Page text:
Personal Model of Helping
All theories have different views on ways of helping and different goals to imply. By using the person-centered approach ones view of human nature comes from one’s helping style. One would have to have a style that would make the client believe that he or she is safe and understood. By the client knowing that their therapist or counselor does understand him or her then he or she will believe that they are safe and accept the help offer by the therapist or counselor, and possibly set client(s) on a set of goals that both the client and therapist or counselor agree to in order to begin changing their present mindset. “Person-centered therapy holds an optimistic view of human personality and focuses on present rather than past experience. Focusing on the inner experience of persons rather than on observable behavior, it holds that behavioral change evolves from within the person rather than through the manipulation of the environment” (Parrott III, 2003). View on Helping
Developing a personal theory for the way one would want to understand human nature and provide him or her with the help they may need takes careful consideration. From what I have learned from this counseling and psychotherapy class is that sometimes helping a client may be a complex and overwhelming process. The helping professional knows the road to recovery is a long slow process, and one has to understand the methods one uses. My view on professional help is that it was created for a reason, and it is there only to offer the best guidance for individuals who need it. One has to understand all the therapeutic theories and which one will be the most effective for his or her client. If at any time a counselor is not familiar on how a therapeutic theory works, he or she should not use the theory or make sure that the theory is known at a later time. A key point a counselor should look for when it comes to humanistic therapy is the client holds the answer to his or her problems. A client is the agent for change in his or her life. Through the process of using person-centered therapy the client will learn what he or she needs to overcome what they are going through. When a therapist can accept the fact the client holds the answer the therapists help will be successful, but only as long as the client keeps on striving for success on reaching the goals planned out for them. The person-centered approach sees a person in a good and trustworthy way and gives him or her a chance to see the problem or issues in a positive manner and develop his or her capabilities to the fullest. Relationship between the Clinician and the Participant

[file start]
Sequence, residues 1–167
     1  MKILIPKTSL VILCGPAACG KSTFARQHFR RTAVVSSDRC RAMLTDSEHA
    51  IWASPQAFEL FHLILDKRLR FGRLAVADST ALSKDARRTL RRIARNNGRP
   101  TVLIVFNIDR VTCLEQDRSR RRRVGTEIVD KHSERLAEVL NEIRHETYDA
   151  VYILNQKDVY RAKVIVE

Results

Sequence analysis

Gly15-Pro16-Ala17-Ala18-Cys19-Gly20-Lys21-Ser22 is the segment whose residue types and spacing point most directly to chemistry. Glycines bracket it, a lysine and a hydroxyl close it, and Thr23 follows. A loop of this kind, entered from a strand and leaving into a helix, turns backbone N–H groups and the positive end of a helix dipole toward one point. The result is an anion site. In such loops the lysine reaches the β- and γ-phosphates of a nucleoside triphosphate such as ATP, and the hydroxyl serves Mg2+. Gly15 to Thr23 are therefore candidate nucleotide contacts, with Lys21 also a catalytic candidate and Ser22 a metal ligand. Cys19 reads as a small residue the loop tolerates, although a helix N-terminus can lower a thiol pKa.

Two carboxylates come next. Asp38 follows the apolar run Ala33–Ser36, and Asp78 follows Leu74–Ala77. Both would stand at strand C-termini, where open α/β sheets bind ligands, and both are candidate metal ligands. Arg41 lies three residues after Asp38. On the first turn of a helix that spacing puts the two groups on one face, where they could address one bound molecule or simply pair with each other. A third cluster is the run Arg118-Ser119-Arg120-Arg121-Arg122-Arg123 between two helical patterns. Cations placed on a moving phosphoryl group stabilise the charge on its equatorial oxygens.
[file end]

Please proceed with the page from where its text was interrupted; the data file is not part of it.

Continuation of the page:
The relationship between the clinician and client when using the person-centered approach should be therapeutic with the clinician acting as a mediator for the client’s process. The clinician should provide an environment that provides personal warmth, empathy, and acceptance for the client. A clinician should focus on the client’s strengths not on the clients weaknesses. When a client is aware that he or she can be successful it strengthens his or her self-esteem. When the client sees the therapist’s empathic understanding and unconditional efforts of helping, the behavior of the client can be seen in a positive manner (Bozarth). The main point of person-centered is that the client already has the answers to his or her problems and the job of the clinician would be to listen to the client without passing judgment, giving advice, the clinician job is to help the client establish and understand his or her own feelings (Rogers) Techniques or Approaches to Change
Person-Centered Counseling is the type of humanistic counseling that deals with the way an individual identifies themselves consciously instead of a counselor attempting to construe unconscious thoughts or ideas about him or her. Several techniques are used in person-centered...